The Normal Star (San Marcos, Tex.), Vol. 11, No. 21, Ed. 1 Saturday, March 10, 1923 Page: 3 of 4
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TOE NORMAL STAR
TWO MORE SPLENDID
NUMBERS ON THE NORMAL
(Continued from page One)
First National Bank of San Marcos
platform can bring to us intonations
that seem actual echoes of the south-
Mrs. Haskell is a versatile and crea-
tive artist, who by means of her varied
programs and great dramatic power
gives a complete evening’s entertain-
ment unassisted. The extent and variety
of her programs may be seen from the
“If I Were King”, by Justin Huntly
J. M. Barrie’s “Quality Street.”
“The Three Weavers”, Anne Fel-
“The Jester’s Sword”, Anne Fellows
“The Hour Glass”, W. B. Yeats.
George Middleton’s “Nowodays.”
Victor Hugo’s “Lies Miserables.”
Victor Hugo’s “Ninety-Three.”
Dramatic recital of Dickens’ “David
“Marse Chan”—a tale of Old Virgin-
ia, by Thos. Nelson Page.
Selections from Shakespeare.
“Meh Lady”—a story of the War,
by Thos. Nelson Page.
“Captain January”—arranged from
Laura E. Richard’s story, by Mrs.
“How Men Propose”—love scenes
from various authors.
“Dr. Luke of the Labrador”, by Nor-
“The Flower of Youth”—a romance,
by Roy Rolfe Gilson.
Selections from Robert Browning.
An afternoon for little folks and
SCHOOL; GAME MONDAY NIGHT
BEAUTIFUL MUSICAL PROGRAM
RENDERED FRIDAY MORNING
Batnd, Orchestra and Solos Entertain
Students; Music Department of
Normal Best in World.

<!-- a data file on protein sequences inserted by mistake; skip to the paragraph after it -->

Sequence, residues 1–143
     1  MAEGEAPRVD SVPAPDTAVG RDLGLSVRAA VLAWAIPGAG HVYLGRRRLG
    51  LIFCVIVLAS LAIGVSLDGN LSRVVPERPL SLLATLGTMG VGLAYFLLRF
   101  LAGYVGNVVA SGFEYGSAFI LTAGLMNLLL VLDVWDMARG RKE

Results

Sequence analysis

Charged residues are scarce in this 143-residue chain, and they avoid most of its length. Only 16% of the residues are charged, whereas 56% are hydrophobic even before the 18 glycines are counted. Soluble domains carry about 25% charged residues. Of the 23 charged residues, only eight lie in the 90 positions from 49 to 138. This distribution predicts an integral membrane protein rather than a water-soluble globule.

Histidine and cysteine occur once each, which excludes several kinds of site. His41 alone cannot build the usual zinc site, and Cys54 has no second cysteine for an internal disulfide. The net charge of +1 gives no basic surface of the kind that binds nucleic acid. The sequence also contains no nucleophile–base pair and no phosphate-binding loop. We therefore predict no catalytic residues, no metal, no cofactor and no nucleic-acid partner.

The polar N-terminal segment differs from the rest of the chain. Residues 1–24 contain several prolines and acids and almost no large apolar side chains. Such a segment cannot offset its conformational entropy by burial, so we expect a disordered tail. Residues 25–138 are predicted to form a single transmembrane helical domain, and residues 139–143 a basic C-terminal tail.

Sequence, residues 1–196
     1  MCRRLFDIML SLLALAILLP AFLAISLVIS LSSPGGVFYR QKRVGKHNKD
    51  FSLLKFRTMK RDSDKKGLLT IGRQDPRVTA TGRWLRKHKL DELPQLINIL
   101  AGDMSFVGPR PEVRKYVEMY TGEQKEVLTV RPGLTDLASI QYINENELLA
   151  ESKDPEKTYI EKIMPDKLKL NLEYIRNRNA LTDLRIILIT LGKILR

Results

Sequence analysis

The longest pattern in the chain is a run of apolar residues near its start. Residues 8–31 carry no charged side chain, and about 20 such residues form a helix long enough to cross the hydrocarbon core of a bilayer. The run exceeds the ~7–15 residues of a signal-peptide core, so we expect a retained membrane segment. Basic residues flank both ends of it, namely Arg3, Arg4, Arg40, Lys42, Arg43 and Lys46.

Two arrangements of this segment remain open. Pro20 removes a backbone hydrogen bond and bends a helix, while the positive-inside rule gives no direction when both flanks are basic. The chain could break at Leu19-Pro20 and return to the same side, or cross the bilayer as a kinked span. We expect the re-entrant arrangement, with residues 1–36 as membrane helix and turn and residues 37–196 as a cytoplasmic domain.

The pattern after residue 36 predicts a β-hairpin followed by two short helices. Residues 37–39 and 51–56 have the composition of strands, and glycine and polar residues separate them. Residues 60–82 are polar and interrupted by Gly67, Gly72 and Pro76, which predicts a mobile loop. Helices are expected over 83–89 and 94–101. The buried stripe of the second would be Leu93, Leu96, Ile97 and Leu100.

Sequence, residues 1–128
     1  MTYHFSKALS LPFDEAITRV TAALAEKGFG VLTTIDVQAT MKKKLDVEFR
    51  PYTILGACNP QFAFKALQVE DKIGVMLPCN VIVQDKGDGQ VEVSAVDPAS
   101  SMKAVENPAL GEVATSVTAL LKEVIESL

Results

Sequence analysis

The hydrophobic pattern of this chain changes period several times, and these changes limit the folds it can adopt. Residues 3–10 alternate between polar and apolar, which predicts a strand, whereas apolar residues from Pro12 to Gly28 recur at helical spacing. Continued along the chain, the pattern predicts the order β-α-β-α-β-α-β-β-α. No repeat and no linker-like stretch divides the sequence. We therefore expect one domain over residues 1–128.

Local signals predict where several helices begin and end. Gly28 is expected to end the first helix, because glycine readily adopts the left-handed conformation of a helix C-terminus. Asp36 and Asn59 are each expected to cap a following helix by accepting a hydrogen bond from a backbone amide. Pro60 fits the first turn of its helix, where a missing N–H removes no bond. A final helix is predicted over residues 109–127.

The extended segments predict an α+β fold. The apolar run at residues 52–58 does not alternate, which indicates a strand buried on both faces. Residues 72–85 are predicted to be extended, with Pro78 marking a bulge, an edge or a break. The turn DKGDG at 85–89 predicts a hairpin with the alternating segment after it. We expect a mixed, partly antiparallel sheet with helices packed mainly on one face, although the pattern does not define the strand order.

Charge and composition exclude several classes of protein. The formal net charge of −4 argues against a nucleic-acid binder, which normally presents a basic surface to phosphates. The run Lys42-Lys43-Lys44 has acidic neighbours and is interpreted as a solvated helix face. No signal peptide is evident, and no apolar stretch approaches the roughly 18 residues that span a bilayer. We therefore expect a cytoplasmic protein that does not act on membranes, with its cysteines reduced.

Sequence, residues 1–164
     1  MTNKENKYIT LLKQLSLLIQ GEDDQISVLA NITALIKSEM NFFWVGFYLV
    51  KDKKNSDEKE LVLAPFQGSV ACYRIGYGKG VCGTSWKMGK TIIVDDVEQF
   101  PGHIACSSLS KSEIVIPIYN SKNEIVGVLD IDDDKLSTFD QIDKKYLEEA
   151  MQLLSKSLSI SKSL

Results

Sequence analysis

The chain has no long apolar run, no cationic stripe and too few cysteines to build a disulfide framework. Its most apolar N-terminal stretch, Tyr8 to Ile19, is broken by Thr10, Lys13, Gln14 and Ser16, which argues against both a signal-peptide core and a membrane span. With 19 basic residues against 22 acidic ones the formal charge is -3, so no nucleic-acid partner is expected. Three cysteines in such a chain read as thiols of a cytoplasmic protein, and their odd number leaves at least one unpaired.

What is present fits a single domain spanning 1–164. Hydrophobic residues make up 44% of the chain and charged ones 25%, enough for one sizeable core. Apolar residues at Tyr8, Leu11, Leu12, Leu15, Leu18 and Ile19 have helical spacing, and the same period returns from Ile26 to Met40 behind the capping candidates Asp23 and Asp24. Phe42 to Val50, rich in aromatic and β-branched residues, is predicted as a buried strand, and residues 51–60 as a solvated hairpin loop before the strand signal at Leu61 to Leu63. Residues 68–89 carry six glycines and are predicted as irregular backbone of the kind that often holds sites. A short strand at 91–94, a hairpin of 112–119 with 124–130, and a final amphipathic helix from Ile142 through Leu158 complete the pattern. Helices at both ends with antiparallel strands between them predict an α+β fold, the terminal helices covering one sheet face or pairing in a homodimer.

KAT SKRATCHES SAYS:
Playing and singing before the stu-
dents of the Normal the Band and Or-
chestra gave a delightful program Fri-
day morning at' the regular assembly
The eighteen piece orchestra- started
the ball a-rolling with two splendid
selections, after which Martha Wood-
son sang “You Better Ask Me”, in a
way that not a word was missed by
the attentive audience. The Orchestra
then played “The Student’s March”, af-
ter which Ed. Barrow, director of the
Normal and town band, played a beau-
tiful cornet solo.
Prolonged applause could not bring
the orchestra back, for the Band was to
give a few selections and the time al-
lotted to the assembly period was slip-
ping by. The band did give two splen-
It is a praiseworthy fact that the
Music department of the Normal has
taken the turn it did. With, a band
and an orchestra and individuals that
are able to put over a program such
as we heard yesterday, I believe there
is no one who will gainsay it if I say
that we have a bunch of “trrusicales”
that rival the best in auy school. The
fact that the assembly period is to be
increased by some ten minutes for the
next term will give us a greater op
portunity to hear them oftener.
(Continued from page One)
honor students, we, the males of the
three classes named in the headline of
the article, believing that the past re-
cords of the Sophomore class have
nothing to do with the present prowess
of said class, and being willing to give
said Sophomore class an opportunity
to prove the ability on the basket ball
court, do hereby formally and publicly
accept the challenge offered by the
males of the Sophomore class, leaving
it up to the President of the Sopho-
mores to set the time for the playing
of the game which will decide whether
or not the present Soph class is able
to uphold the records made by former
members of that class in an athletic
We understand that the date has
been set for Monday night, March 11.
Whatever the two factions may say,
there remains this fact: The two teams,
so far as we have been able to deter-
mine, are pretty equally matched, both
teams counting among its members an
almost equal number of “T” men, and
in addition, a host of reserve material.
Among the men that wil most likely
appear on the Sophomore line-up are
Lowman, Kalina, Coers, Shelton, Brown,